, Volume 13, Issue 4, pp 276-286

Progress in Understanding the Sources, Deposition and Above-ground Fate of Trichloroacetic Acid (11 pp)

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Abstract

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Aim and Scope This paper is a companion to the recent review paper by Laturnus et al. (2005) on TCA in soils, presenting a complementary review of knowledge gaps in the sources and fate of trichloroacetic acid (TCA) in plants.

Main Features

The review considers the various sources of TCA precursors, including the question of how much atmospheric TCA comes from naturally-produced precursors, and addresses the implications of climate change on atmospheric TCA formation. Models of the conversion of precursors to TCA in the atmosphere are critically compared with field measurements of concentrations, deposition and budgets; data on the quantitative relationships between gas-phase TCA, particulate TCA, and TCA dissolved in rain and clouds are reviewed. Methods for quantifying TCA are summarised, along with a description of what the different techniques measure, and how results can be compared. A distinction is made between 'extractable' TCA and 'total' TCA in vegetation. Evidence for the various pathways by which TCA enters plants is given, including the in situ production of TCA in leaves. This leads to a better understanding of how plant tissue concentrations depend on uptake, production and removal rates. Finally, knowledge of the toxic effects of TCA on plants and TCA metabolism in plant tissues is summarised.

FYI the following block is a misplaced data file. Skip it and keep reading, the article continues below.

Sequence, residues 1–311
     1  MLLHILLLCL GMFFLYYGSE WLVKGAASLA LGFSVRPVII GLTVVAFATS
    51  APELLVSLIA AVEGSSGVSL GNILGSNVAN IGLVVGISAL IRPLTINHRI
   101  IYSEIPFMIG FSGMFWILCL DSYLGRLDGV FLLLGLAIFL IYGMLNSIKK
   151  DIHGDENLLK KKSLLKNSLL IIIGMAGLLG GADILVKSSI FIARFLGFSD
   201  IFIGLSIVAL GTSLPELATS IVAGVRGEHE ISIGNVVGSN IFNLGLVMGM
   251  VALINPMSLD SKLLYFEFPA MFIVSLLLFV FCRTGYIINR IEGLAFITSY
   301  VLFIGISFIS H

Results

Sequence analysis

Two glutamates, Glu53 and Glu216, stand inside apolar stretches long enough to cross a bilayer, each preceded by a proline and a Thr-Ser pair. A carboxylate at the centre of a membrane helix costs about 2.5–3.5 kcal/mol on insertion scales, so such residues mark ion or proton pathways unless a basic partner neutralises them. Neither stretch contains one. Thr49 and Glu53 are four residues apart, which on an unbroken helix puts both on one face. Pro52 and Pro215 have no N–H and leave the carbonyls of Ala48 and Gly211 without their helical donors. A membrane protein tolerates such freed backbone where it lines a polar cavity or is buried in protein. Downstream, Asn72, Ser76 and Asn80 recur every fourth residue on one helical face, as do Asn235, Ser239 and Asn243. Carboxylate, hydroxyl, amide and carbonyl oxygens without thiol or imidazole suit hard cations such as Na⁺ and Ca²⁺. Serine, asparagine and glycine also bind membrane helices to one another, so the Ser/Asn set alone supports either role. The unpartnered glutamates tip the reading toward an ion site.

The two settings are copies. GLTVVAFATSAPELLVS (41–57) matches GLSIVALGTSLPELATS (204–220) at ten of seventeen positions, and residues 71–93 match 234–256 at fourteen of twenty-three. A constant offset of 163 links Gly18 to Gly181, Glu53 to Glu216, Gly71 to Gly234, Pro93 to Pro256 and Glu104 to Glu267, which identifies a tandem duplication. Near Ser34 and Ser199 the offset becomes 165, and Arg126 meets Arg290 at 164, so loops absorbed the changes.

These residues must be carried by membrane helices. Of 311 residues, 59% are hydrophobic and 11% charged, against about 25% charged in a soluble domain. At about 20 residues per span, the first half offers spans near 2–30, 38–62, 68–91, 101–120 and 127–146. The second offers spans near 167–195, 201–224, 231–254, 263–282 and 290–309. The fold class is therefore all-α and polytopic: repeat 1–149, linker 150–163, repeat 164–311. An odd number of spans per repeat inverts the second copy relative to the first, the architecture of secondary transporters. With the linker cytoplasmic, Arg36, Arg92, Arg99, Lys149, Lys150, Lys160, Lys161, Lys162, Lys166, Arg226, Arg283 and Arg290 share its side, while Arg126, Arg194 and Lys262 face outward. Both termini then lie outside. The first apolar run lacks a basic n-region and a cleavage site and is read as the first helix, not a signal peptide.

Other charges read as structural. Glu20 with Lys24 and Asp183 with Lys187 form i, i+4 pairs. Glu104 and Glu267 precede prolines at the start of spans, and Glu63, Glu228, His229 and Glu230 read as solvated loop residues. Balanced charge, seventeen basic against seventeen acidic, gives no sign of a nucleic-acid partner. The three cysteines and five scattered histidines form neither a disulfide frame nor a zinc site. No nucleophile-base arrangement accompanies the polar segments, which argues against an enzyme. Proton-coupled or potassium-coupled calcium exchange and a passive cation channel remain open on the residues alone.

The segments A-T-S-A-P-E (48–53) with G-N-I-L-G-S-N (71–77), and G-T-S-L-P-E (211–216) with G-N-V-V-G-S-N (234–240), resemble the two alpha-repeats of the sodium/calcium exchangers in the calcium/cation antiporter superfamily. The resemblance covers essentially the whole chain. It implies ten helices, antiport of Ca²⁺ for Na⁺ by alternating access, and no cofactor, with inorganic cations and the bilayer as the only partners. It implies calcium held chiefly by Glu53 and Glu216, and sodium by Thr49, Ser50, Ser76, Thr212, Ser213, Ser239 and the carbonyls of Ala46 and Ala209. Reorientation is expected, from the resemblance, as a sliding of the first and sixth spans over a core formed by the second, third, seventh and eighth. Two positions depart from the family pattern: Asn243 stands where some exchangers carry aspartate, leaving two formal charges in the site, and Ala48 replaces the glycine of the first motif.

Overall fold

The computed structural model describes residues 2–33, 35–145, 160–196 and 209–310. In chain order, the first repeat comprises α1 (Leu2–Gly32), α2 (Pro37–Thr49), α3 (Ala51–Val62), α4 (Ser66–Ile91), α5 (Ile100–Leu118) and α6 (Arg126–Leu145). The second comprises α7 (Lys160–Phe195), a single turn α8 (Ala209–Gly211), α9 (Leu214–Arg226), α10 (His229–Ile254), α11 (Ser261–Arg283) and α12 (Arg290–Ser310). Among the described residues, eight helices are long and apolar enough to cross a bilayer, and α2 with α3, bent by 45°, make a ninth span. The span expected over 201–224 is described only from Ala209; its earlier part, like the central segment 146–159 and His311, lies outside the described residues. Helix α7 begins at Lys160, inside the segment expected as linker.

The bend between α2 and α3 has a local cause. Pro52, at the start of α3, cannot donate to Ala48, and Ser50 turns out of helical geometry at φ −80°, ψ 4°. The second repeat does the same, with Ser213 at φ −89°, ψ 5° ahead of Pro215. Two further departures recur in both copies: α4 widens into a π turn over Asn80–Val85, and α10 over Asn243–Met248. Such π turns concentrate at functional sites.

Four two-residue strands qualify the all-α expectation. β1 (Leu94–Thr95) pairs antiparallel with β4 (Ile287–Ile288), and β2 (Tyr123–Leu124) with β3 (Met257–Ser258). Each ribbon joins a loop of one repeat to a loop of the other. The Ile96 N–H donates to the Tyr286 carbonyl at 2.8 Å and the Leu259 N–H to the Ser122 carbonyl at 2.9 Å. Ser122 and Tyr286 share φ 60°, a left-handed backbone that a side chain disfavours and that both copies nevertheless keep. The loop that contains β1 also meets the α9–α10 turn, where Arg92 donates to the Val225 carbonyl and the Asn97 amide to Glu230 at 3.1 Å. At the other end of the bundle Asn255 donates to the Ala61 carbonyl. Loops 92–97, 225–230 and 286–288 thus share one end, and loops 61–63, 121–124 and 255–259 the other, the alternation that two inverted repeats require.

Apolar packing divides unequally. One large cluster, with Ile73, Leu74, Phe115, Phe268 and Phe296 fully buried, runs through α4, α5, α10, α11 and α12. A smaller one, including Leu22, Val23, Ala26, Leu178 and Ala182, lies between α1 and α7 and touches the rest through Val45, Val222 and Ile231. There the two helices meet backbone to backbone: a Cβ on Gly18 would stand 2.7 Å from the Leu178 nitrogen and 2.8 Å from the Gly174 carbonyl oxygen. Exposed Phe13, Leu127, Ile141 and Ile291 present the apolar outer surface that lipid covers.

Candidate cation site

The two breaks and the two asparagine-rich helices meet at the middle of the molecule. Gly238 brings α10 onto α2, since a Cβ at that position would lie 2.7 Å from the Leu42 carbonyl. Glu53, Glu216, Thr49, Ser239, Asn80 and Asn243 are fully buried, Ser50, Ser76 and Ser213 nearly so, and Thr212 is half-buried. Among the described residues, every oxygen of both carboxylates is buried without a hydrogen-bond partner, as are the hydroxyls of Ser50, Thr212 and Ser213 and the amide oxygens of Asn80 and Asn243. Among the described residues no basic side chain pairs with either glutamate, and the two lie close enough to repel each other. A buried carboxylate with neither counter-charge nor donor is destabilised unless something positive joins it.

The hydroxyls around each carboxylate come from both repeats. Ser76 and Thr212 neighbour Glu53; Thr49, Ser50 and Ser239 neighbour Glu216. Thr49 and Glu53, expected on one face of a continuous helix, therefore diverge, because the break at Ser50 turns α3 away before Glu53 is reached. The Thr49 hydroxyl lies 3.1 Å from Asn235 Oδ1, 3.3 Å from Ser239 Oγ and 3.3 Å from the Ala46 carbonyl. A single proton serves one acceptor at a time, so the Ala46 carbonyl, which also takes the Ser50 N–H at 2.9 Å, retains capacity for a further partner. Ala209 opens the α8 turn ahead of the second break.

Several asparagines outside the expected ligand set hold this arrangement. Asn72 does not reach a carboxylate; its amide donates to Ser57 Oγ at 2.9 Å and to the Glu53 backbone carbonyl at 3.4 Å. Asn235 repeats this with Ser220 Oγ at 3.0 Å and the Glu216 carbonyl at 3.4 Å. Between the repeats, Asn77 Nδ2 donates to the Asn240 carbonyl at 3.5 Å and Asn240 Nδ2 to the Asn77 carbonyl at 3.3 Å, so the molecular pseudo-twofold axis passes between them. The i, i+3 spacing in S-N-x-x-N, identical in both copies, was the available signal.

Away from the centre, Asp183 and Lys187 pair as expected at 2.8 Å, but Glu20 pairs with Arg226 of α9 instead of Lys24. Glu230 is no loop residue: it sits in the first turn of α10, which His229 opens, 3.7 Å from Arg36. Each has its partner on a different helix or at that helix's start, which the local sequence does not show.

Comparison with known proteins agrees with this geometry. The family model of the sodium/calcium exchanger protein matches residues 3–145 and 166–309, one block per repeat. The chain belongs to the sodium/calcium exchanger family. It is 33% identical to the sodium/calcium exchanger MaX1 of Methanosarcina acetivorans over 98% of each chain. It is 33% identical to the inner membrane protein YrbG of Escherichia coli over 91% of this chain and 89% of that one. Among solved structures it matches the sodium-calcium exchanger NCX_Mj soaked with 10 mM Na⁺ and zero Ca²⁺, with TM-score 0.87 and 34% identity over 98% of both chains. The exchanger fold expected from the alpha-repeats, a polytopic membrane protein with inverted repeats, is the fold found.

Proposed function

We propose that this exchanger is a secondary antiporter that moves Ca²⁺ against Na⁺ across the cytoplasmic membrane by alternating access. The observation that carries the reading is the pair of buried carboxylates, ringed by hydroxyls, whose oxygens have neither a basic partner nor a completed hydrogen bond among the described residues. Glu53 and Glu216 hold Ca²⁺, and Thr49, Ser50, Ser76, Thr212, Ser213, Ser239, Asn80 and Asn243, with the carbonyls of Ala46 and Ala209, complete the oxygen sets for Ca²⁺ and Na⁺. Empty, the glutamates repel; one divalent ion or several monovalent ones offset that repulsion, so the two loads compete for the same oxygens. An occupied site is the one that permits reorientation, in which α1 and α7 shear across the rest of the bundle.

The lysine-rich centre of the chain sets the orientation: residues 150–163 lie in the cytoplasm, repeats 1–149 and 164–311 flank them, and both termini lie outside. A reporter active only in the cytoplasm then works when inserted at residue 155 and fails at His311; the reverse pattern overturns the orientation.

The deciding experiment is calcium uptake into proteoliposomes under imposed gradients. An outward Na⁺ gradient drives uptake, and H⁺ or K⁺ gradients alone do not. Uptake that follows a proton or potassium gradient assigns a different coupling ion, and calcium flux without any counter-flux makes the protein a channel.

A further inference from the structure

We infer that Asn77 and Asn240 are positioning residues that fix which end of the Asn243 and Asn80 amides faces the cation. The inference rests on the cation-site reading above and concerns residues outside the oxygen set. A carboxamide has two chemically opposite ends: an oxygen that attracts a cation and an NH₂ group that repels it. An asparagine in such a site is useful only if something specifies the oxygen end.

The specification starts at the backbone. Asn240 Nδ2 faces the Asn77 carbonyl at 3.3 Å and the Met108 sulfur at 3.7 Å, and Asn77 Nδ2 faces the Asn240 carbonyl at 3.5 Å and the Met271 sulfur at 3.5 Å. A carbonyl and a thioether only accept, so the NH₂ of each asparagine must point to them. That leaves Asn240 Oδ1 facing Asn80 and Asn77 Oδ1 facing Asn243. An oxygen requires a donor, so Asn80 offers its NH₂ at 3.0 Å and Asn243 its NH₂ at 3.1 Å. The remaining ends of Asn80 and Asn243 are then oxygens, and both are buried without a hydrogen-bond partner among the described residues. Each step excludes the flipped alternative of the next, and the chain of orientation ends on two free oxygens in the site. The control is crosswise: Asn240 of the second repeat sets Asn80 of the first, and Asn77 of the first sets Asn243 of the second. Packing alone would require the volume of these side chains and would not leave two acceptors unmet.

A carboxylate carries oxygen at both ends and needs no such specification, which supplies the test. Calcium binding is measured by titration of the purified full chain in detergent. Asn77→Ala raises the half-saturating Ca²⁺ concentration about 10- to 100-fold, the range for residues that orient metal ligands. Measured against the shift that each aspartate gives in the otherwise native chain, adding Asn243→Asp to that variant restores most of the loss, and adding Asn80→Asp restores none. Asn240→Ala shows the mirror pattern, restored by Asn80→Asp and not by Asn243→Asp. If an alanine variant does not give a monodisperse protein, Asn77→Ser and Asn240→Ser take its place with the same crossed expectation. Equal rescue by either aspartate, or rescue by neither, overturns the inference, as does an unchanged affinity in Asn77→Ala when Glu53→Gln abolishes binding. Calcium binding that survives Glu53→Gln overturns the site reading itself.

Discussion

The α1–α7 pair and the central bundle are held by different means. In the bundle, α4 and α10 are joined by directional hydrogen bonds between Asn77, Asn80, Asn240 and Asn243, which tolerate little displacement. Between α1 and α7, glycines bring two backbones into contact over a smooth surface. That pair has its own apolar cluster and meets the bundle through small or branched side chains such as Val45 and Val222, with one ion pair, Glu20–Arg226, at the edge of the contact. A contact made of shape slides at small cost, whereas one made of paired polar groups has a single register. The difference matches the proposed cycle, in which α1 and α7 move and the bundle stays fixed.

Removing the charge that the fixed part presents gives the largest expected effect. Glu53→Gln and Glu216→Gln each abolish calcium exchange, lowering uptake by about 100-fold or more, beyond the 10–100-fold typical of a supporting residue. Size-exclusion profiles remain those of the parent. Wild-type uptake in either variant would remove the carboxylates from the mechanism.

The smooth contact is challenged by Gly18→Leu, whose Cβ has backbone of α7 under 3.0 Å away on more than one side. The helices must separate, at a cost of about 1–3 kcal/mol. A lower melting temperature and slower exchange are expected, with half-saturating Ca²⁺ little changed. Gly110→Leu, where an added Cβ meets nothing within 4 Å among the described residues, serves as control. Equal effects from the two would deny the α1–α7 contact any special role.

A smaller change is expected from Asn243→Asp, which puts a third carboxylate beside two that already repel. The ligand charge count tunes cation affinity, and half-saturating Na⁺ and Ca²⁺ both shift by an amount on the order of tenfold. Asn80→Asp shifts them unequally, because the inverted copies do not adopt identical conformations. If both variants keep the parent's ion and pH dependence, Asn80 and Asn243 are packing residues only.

Results and Discussion

The discussion highlights knowledge gaps, and is intended to aid the reader in interpreting previously published results through identifying where different ways of expressing data have been used, and the consequent conclusions that can be drawn.

Conclusion

and Further Research Directions Recommendations are given for future research directions – in identifying precursor sources, quantifying heterogeneous atmospheric processes, recognising and quantifying uptake pathways, and elucidating the biochemical mechanisms involved in sequestering and degrading TCA inside leaves.